How are underwater tunnels constructed?You can actually dig a tunnel under a river, without disturbing the river bed.
The way you do this today is very similar to the original (Canadian! ) engineering contribution to tunneling, where a circular tunnel is cut using a boring machine:
Tunnels are dug in types of materials varying from soft clay to hard rock. The method of Tunnel construction depends on such factors as the ground conditions, the ground water conditions, the length and diameter of the tunnel drive, the depth of the tunnel, the logistics of supporting the tunnel excavation, the final use and shape of the tunnel and appropriate risk management.
How Tunnel Works:
Lutech Engineering construct Tunnel through soft rock and tunneling underground require different approaches. Blasting in soft, firm rock such as shale or limestone is difficult to control.
Instead, engineers use tunnel boring machine, or moles, to create the tunnel. TBMs are enormous, multimillion-dollar pieces of equipment with a circular plate on one end.
The circular plate is covered with disk cutters --chisel-shaped cutting teeth, steel disks or a combination of the two. As the circular plate slowly rotates, the disk cutters slice into the rock, which falls through spaces in the cutting head onto a conveyor system.
The conveyor system carries the muck to the rear of the machine. Hydraulic cylinders attached to the spine of the TBM propel it forward a few feet at a time.
TBMs don't just bore the tunnels -- they also provide support. As the machine excavates, two drills just behind the cutters bore into the rock.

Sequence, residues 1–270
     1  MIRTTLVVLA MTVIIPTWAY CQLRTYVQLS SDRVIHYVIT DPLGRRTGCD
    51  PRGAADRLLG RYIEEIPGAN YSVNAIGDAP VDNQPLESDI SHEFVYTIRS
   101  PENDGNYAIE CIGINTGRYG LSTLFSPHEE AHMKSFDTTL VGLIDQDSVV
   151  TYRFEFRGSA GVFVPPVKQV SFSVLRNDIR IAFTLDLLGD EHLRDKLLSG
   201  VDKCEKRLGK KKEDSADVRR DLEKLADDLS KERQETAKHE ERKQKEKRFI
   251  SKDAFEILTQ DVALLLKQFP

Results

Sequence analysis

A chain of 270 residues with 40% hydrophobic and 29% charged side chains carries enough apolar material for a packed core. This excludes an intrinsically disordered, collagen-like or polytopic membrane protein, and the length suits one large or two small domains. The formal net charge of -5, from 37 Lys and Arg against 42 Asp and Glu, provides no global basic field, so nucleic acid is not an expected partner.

Then workers pump grout into the holes and attach bolts to hold everything in place until the permanent lining can be installed.
The TBM accomplishes this with a massive erector arm that raises segments of the tunnel lining into place.
There are many ways in which you can construct underwater tunnels:
One way of building them is to floats the tubes into position using boats, sink them and then get divers to seal the pieces together. After this pump the water out of the tubes and you have a tunnel.
Another way is to dig down so deep you reach below the sea and potentially dig a tunnel through the rock how you would a mine. There shouldn't be any affect from water as there will be a thick layer of stone above the tunnel keeping you away from water. If the rock / soil is not able to keep water out you can pump compressed air into the tunnel so the pressure inside is greater than the outside and then proceed to seal the inside with concrete and steel lining.
Here are a couple construction methods for underwater tunnels:
The BART Transbay tube was generally constructed by:
- preparing a pad on the floor of the San Francisco Bay,
- placing and connecting tunnel segments in the wet,
- placing ballast on the tunnel, and
- pumping water out of the tunnel.
The Channel Tunnel between England and France was constructed with the use of tunnel boring machines (also known as TBMs). TBMs drill through soil or rock while simultaneously placing structural segments behind the drilled cavity.
A History of BART: The Project Begins
Tunnel boring machine
You can precast the tunnel on a site near the location which is little bit lower in elevation , seal the structure , fill it with water so that it can float and transport it using a tugboat to the specific location . Then submerge it and back filling it with selected materials so that it becom stable. Finally after connecting all the tunnel remove the seal.